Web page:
I will make it a point to look out for your and Schmin's analysis of Dreamgirls--I am a bit jaded, however still dying to know how good it really is...

And finally May you & yours have a Blessed and Merry Christmas & may this season bring forth memories of your Mother that will soothe your heart.

MonkeyGurrrrrl said...

I love your yarncakes. What is it about a center-pull cake that immediately makes the yarn look a gazillion times more lovely than it did before? And when you're talking about loverly yarn to begin with, well, that's just off the charts!

To be honest, I like the plans you have for xmas. I think, maybe starting next year, we're gonna ween off the San Diego ventures. It just takes way too much energy, especially when I'd rather spend the time "reflecting on the previous year" (i.e., sleeping 'til noon).

jessie said...

You know, they say Christmas is for kids, and I think it's about more than Santa. It's because by the time you reach adulthood, you've probably suffered some kind of loss that takes the glow off the Christmas bulbs, if you know what I mean.

I think losing your mother is especially hard. (My mother, gone 4 years; my grandmother, gone 3 years). No matter who else you have around you, there is something about having your mom that allows you to always revert to "child" mode. When you are scared or lonely or frustrated, you can turn to the woman who can make everything all right. I tried to explain this to my husband, who didn't quite get it, and maybe I was a bit harsh. He is a wonderful man, but he lacks the female caretaking gene, if that's what I'm thinking of, that both of these women had for me. They loved me just for being me and they got joy out of making me happy. There aren't many people in the world who can do that for you. (You're there for Schmin like that, right?)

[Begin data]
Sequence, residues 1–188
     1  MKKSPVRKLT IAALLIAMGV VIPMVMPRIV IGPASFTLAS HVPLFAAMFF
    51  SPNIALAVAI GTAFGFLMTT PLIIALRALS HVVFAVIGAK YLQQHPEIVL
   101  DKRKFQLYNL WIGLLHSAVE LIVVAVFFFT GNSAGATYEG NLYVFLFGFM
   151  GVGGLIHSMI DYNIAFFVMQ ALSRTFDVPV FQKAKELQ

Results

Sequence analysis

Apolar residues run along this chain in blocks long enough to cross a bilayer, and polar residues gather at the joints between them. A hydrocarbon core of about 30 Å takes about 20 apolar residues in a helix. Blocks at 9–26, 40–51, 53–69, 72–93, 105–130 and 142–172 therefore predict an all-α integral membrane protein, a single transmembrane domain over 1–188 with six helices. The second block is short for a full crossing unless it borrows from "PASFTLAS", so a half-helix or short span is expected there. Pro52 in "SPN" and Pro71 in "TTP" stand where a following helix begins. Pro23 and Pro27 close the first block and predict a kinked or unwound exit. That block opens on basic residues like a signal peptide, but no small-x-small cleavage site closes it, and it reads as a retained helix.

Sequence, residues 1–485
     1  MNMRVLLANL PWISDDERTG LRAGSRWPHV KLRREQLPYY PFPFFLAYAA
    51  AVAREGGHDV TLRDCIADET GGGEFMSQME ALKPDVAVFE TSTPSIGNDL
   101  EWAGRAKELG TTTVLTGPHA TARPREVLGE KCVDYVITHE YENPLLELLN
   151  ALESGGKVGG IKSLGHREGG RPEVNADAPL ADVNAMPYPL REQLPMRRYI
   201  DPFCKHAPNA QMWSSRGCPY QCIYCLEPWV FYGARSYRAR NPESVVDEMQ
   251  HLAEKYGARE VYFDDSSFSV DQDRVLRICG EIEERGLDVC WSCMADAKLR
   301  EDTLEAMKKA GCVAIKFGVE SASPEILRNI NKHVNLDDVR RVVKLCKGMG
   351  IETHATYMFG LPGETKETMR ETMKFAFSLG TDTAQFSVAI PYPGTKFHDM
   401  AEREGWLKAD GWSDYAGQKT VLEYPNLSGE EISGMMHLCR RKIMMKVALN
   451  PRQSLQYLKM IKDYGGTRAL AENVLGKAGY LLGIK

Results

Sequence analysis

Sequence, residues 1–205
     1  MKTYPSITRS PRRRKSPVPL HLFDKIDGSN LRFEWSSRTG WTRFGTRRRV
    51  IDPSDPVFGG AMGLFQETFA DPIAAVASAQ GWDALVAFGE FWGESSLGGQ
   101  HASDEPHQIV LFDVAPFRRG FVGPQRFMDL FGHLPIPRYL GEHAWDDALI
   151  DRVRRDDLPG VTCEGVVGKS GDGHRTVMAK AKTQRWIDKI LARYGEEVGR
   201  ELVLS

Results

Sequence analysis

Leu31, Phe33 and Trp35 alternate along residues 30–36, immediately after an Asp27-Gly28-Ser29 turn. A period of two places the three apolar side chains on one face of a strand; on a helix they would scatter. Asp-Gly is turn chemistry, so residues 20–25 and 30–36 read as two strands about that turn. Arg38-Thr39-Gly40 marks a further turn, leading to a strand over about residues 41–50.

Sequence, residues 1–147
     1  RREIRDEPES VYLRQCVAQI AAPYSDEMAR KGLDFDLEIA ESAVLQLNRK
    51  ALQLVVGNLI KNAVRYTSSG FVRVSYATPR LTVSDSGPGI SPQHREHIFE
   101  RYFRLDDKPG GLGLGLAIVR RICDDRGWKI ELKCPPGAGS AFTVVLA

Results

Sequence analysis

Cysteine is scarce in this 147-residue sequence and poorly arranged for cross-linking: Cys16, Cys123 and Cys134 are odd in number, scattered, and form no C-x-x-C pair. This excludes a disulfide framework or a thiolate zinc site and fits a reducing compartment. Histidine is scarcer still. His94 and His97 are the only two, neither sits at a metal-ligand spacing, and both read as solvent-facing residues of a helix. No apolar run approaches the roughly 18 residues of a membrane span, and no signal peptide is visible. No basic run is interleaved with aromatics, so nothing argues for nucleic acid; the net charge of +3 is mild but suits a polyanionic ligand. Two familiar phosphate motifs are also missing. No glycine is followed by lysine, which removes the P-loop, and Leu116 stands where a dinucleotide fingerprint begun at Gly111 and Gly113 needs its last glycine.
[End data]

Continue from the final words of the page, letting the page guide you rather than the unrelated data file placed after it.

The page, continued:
A month after my mother died, the adult care home called me to say that it was time to put my grandmother in a real nursing home or make other arrangements for 24-hour care. And all I could think was, "I don't want to be the grownup anymore."

It sucks to not have a choice about that.

But enough. Maybe, if nothing else, you got some perspective on this whole thing, and you can deal with it better now. The holidays have a way of bringing out stuff like this, don't they?

Enjoy Dreamgirls.

jacqueline said...

i completely hear what you are saying. thank you for so elloquently putting into words what i was feeling.

many seasons greetings to you. may 2007 bring you everything you have hoped for.

sappmama said...

You guys, I can't thank you enough for your supportive words, and for sharing some of your experiences with me. I had a wonderful Christmas with my boy, my mother's favorite person, so a day with him isn't half bad.

Mrs. Mommy, Happy New Year! I was wondering what you and hubby and the girls were up to. I've missed your visits. Much love to you!

h*AP*Py NeW *YEaR, everyone!

Darcy said...

Forgive me for not knowing what the heck a shift was, at SnB. Now I want one but there will be no purchasing of matter...until I move and assuming I find an apartment in 17 days...that is 2/3 the size of mine! Sing it with me, AND A HAPPY NEW YEAR

And may 2007 wear your deamgirl wig.ox